There is a cost to everything and college is no exception. Some schools offer more prestigious reputations then others. Some do a better job of creating social communities for their students. The one thing they all have in common is that the students pay for what they buy into. They pay in with time, money and the opportunities surrendered just by making a decision at all! It would be foolish to pay for anything that isn’t needed or desired.
The truth is, community colleges cannot compete with everything a major university has to offer. But the larger truth is that community colleges do an excellent job in their area of focus, and that is simply providing introductory and occupational level academics. Community Colleges are staffed by some of the most engaging and passionate teachers one could hope for. Often the teachers are community members who work in the field that they teach. They instruct part time simply because they’re passionate about the subject matter.
Students who need to exceed the level of community college study can choose to attend a larger school. If they want on campus housing, Greek life, Big Ten Football teams; any of that, they’ll obviously need to attend a larger school. But if they don’t want any of that then why pay for it?
Many transfer programs allow students to start their first two years at a community college and then transfer to a new school for years three and four. By planning ahead a student can save thousands of dollars. Michigan has a program called the MACRAO Transfer Agreement that allows students to complete a course of study at the community college level that will allow them to transfer to any four year school in Michigan with all of their general electives complete.
Some schools have partnerships that allow students to begin a program at a community college and transfer 100% of their credits to a complimentary program at a sister school in fields such as nursing and education.
Many people want a college degree from a big name school just for the doors that name can be used to open. That’s fine! There are certainly huge benefits to those big names if a student is willing to pay for them. But if they only want the education then perhaps an accredited course of self study is a better fit. Check out this article on Hacking Higher Ed. The author outlines a self-study course that can be completed to obtain a Bachelor’s degree for about $5000.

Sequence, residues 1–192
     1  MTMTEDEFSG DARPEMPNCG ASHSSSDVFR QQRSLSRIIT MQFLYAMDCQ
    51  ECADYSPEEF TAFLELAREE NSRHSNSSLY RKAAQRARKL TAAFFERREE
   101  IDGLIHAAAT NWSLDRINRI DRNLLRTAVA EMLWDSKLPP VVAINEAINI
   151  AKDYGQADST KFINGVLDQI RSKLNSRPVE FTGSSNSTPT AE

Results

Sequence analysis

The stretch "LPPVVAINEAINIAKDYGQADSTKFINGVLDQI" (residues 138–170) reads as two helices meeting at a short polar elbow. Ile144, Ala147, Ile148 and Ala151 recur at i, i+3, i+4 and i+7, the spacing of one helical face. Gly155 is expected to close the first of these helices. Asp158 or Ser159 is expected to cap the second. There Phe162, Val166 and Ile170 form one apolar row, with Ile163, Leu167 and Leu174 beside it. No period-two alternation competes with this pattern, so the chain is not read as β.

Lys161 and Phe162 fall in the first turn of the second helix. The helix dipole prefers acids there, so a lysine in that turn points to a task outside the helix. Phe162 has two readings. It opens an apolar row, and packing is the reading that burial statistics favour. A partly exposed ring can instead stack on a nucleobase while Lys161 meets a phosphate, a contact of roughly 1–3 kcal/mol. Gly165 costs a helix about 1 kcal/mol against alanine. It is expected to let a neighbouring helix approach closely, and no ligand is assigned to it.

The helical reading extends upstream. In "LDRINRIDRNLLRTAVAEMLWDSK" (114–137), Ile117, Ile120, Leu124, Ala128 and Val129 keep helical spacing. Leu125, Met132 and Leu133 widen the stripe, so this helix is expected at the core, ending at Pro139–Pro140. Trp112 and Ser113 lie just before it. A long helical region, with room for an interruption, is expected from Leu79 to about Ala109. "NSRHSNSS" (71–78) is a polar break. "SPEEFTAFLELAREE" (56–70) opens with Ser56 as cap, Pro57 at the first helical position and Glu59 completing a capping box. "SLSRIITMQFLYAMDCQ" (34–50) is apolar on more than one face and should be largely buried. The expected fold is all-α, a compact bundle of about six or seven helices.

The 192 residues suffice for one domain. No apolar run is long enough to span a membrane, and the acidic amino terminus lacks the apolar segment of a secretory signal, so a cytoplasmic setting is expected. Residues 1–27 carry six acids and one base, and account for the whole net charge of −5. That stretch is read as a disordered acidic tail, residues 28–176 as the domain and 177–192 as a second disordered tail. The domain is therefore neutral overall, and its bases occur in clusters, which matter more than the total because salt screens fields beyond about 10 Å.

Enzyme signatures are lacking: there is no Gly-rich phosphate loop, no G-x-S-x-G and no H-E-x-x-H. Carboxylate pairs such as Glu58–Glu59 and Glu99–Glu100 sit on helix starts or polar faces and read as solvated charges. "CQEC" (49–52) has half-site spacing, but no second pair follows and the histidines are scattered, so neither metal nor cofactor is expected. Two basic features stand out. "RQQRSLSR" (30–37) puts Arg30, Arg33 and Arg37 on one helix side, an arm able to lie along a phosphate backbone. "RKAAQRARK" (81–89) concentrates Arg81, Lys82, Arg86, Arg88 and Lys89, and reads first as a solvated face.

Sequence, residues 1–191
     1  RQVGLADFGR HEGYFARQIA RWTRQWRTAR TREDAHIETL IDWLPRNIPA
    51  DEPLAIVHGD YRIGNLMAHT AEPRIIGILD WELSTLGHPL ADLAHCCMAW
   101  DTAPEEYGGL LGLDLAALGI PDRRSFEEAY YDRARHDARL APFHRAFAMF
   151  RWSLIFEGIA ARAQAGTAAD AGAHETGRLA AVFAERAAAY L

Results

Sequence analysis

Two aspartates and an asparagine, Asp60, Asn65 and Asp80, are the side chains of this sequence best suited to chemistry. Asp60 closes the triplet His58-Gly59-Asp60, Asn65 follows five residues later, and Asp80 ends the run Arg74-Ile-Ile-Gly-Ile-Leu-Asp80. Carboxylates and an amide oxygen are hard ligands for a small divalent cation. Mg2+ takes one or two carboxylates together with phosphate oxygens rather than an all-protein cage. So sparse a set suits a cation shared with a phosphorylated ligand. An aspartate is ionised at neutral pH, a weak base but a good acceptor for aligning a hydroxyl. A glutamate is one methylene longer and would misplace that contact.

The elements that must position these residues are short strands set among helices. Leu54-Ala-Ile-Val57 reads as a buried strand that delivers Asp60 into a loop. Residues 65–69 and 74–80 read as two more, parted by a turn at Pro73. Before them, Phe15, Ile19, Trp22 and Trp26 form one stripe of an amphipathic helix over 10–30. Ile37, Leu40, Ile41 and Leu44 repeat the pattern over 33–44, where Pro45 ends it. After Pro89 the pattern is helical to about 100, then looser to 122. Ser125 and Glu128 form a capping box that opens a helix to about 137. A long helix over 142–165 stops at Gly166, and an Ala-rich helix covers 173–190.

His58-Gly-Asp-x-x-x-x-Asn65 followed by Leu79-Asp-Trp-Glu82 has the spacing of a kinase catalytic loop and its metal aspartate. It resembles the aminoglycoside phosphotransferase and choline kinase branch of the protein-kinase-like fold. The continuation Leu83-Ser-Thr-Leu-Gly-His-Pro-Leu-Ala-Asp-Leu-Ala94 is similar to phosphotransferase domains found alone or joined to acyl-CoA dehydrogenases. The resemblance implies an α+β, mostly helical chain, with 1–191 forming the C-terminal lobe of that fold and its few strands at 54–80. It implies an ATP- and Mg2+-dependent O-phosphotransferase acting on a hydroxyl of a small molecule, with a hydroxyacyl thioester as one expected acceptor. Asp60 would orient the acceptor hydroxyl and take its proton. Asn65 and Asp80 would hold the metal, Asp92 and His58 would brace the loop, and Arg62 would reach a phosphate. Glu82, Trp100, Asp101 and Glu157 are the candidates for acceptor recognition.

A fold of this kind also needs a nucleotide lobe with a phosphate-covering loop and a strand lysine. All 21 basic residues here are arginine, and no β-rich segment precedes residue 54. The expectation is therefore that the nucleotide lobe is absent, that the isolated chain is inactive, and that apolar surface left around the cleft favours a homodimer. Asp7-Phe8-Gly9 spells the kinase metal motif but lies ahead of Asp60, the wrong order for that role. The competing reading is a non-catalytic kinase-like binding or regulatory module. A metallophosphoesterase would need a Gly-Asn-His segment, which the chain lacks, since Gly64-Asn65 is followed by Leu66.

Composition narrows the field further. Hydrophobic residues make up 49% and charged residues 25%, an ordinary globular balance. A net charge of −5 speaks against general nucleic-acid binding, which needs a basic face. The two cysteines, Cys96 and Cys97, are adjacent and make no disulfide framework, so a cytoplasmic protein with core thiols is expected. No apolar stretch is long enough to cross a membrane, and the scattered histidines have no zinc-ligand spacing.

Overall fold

Students thinking of attending a Masters program might consider a course of self-study instead. If learning is the only goal and the student is willing to make their own way in the world there are tools for that as well. The Personal MBA Booklist can be a great place to start picking up some of those MBA skills for a lot less than the cost of college attendance.
College is a valuable experience and shouldn’t be sold short. Take time in making these decisions. There are a lot of options out there; picking the right program is the first step towards other ambitions ahead. So when it comes times to research schools take a little extra time to consider what the real reason for attendance is. What will it cost? And has the best road been found?
Author notes: Wachtmann is graduate of the Western Michigan School of Business Management. Scott is a web strategy consultant dedicated to helping his partners find solutions in social media, branding, search, and design. He currently lives in Ann Arbor Michigan where he works on the account management team for eSearchVision, a paid search marketing firm. Email: email@example.com Scott’s twitter account @CoffeeCC
Photo reference: Statue of Phillis Wheatley, 1753-1784, poet, was the first African-American to publish poetry.Born into slavery, she was taken from her parents at an early age. She was raised Christian and offered an exceptional education by the family that owned her. She received he freedom on the death of her owner in 1778 and married. She had three children and none survived infancy. She died in poverty at age 31.
`TWAS mercy brought me from my Pagan land,
Taught my benighted soul to understand
That there’s a God, that there’s a Saviour too:
Once I redemption neither sought nor knew,
Some view our sable race with scornful eye,
“Their colour is a diabolic die.”
Remember, Christians, Negroes, black as Cain,
May be refin’d, and join th’ angelic train.´
Deb Nystrom: Thanks for visiting REVELN and for reading Scott’s guest post. Comments enrich the learning.